FFIEC releases 2020 HMDA data
On March 31, the CFPB announced the release of the 2020 HMDA loan application register (LAR) data. The LAR data, available on the Federal Financial Institutions Examination Council’s HMDA Platform, contains modified loan-level information on approximately 4,400 HMDA filers. The Bureau also announced plans to produce the 2020 HMDA data “in other forms to provide users insights into the data, including a nationwide loan-level dataset,” which “will provide all publicly available data from all HMDA reporters, aggregate and disclosure reports with summary information by geography and lender,” and allow users to create custom datasets and reports. The Bureau also stated that it will publish a Data Point article highlighting key trends in the annual data.
FFIEC releases 2021 HMDA reporting guide
On March 30, the FDIC issued FIL-21-2021 announcing the Federal Financial Institutions Examinations Council’s issuance of the 2021 edition of the “Guide to HMDA Reporting: Getting It Right!” The guide applies to HMDA data collected in 2021 that will be reported to supervisory agencies by March 1, 2022, and includes (i) a summary of responsibilities and requirements; (ii) directions for assembling the necessary tools; and (iii) instructions for reporting HMDA data. According to the announcement, the 2021 edition provides information to assist with HMDA compliance in the event of a merger or acquisition, as well as updates to the appendices that reflect amendments to Regulation C made by a CFPB final rule published last year (covered by InfoBytes here). The final rule increased the permanent threshold from 25 to 100 loans starting July 1, 2020, for both depository and nondepository institutions, and also increased the permanent threshold for collecting and reporting data about open-end lines of credit from 100 to 200. The latter change, however, will not take effect until January 1, 2022, when the current temporary threshold of 500 open-end lines of credit expires.
House discusses lending discrimination, proposed fair lending legislation
On February 24, the House Financial Services Committee’s Subcommittee on Oversight and Investigations held a hearing entitled “How Invidious Discrimination Works and Hurts: An Examination of Lending Discrimination and Its Long-term Economic Impacts on Borrowers of Color.” The subcommittee’s memorandum regarding the hearing discussed the importance of exploring “available tools and potential legislative solutions to detect hidden discrimination and deter discrimination in lending and housing,” and addressed topics such as modern-day redlining, racial wealth gaps, and matched-pair testing (a method for detecting impermissible differences in treatment based on protected classes).
Subcommittee members also discussed recently introduced H.R. 166, the “Fair Lending for All Act,” which would, among other things: (i) direct the CFPB to establish an Office of Fair Lending Testing charged with testing creditors’ ECOA compliance, and permit the Bureau to refer ECOA violations to the attorney general for appropriate action; (ii) extend the protected classes under the law to sexual orientation, gender identity, and an applicant’s location based on zip code or census tract; (iii) establish criminal penalties under ECOA for knowing and willful violations of prohibited credit discrimination, including personal liability for executive officers and directors; (iv) require the Bureau to review loan applications for compliance with ECOA and other federal consumer laws; and (v) amend HMDA Section 304(b)(4) to add the new prohibited credit discrimination categories.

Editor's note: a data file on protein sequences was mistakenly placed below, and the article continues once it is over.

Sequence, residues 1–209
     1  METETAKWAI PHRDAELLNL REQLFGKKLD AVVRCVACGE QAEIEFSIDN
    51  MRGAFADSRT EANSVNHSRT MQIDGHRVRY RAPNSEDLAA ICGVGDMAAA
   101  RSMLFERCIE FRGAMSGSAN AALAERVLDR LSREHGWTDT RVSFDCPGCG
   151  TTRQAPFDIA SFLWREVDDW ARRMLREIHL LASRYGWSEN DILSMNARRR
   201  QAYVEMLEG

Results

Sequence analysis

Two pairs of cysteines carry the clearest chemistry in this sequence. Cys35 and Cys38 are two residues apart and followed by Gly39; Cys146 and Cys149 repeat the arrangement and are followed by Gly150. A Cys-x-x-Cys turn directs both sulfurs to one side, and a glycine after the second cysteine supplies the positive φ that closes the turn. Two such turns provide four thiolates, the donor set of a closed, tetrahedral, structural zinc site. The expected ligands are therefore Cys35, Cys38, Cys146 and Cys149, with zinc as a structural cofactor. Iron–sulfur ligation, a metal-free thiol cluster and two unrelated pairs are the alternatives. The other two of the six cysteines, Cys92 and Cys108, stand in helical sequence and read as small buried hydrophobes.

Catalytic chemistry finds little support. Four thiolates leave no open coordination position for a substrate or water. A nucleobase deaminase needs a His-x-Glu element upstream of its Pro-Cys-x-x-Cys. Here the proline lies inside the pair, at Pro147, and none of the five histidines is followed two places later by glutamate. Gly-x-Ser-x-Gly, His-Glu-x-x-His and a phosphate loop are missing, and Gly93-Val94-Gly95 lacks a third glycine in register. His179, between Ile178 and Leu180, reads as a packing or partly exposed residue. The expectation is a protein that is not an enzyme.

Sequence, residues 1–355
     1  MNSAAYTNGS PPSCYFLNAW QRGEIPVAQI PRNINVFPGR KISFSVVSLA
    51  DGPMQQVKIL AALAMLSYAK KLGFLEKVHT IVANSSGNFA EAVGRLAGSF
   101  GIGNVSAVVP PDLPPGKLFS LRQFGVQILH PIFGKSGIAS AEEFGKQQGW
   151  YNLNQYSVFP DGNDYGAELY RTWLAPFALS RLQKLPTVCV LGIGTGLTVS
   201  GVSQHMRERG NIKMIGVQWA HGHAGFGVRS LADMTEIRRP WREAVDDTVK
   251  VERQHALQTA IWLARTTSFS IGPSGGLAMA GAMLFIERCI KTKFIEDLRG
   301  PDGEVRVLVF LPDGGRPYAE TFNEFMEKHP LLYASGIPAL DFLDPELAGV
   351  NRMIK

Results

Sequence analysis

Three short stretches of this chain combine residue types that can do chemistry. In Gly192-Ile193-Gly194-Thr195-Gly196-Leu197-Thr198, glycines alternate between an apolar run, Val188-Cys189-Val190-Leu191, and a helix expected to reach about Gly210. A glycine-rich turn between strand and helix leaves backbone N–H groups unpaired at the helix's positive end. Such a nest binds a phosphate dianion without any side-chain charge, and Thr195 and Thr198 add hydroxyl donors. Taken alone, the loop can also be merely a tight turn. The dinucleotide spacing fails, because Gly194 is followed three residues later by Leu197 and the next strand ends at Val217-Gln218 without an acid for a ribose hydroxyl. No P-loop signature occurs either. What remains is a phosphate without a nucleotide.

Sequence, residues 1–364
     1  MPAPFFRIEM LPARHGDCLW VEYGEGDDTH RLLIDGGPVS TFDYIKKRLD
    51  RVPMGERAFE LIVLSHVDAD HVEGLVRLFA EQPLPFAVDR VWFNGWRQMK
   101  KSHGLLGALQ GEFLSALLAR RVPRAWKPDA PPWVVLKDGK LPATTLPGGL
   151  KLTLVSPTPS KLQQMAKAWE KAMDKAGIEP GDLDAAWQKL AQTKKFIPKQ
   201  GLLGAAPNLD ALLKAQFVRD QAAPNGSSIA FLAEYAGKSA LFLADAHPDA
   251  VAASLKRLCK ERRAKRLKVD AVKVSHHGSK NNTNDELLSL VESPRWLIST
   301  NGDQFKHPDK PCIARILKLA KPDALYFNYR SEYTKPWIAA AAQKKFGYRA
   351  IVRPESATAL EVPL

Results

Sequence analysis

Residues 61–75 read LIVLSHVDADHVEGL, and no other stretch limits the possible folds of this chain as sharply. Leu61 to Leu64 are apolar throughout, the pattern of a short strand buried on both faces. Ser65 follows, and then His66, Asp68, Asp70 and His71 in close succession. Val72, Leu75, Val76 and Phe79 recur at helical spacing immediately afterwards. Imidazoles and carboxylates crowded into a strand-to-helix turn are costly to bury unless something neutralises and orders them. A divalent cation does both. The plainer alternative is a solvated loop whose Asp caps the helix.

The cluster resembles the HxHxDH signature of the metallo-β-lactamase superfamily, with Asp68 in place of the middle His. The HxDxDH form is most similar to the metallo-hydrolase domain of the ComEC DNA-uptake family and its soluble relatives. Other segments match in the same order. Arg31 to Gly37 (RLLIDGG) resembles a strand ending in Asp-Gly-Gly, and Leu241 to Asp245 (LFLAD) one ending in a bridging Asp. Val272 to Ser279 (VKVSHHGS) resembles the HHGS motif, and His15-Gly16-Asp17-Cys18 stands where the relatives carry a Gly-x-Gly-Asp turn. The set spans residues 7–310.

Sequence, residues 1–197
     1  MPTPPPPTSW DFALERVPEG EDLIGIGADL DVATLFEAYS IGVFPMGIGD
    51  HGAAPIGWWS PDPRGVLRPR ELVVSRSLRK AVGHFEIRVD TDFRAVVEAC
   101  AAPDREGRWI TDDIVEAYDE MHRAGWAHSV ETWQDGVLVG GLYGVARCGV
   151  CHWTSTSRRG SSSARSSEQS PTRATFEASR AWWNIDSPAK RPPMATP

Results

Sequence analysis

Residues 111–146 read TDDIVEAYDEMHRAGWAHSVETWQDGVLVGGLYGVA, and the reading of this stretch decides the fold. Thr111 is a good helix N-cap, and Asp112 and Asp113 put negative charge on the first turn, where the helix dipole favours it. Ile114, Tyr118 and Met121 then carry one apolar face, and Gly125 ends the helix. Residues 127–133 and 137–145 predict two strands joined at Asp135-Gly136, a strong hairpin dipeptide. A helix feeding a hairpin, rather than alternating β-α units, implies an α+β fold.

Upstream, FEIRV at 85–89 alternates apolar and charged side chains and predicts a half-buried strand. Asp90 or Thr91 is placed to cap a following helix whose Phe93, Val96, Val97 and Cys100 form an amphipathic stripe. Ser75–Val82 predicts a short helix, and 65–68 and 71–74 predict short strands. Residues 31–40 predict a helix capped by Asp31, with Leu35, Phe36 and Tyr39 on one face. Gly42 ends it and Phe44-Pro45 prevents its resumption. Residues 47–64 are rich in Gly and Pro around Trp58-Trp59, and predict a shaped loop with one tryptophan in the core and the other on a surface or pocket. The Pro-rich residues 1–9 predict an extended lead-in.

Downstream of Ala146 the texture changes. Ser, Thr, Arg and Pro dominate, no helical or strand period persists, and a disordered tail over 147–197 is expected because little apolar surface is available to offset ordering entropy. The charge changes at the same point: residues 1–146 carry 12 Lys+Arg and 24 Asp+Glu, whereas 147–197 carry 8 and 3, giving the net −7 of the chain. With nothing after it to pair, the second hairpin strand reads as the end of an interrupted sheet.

CFPB releases annual HMDA and TILA adjustments
On December 22, the CFPB announced final rules adjusting the asset-size thresholds under HMDA (Regulation C) and TILA (Regulation Z). Both rules took effect January 1.
Under HMDA, institutions with assets below certain dollar thresholds are exempt from the collection and reporting requirements. The final rule increases the asset-size exemption threshold for banks, savings associations, and credit unions from $47 million to $48 million, thereby exempting institutions with assets of $48 million or less as of December 31, from collecting and reporting HMDA data in 2021.
TILA exempts certain entities from the requirement to establish escrow accounts when originating higher-priced mortgage loans (HPMLs), including entities with assets below the asset-size threshold established by the CFPB. The final rule increases this asset-size exemption threshold from $2.202 billion to $2.230 billion, thereby exempting creditors with assets of $2.230 billion or less as of December 31, from the requirement to establish escrow accounts for HPMLs in 2021.
CFPB releases fall 2020 rulemaking agenda
On December 11, the CFPB released its fall 2020 rulemaking agenda. According to a Bureau announcement, the information details the regulatory matters that the Bureau “expect[s] to focus on” between November 2020 and November 2021. The announcement notes that the Bureau will also continue to monitor the need for further actions related to the ongoing Covid-19 emergency. In addition to the rulemaking activities already completed by the Bureau this fall, the agenda highlights other regulatory activities planned, including: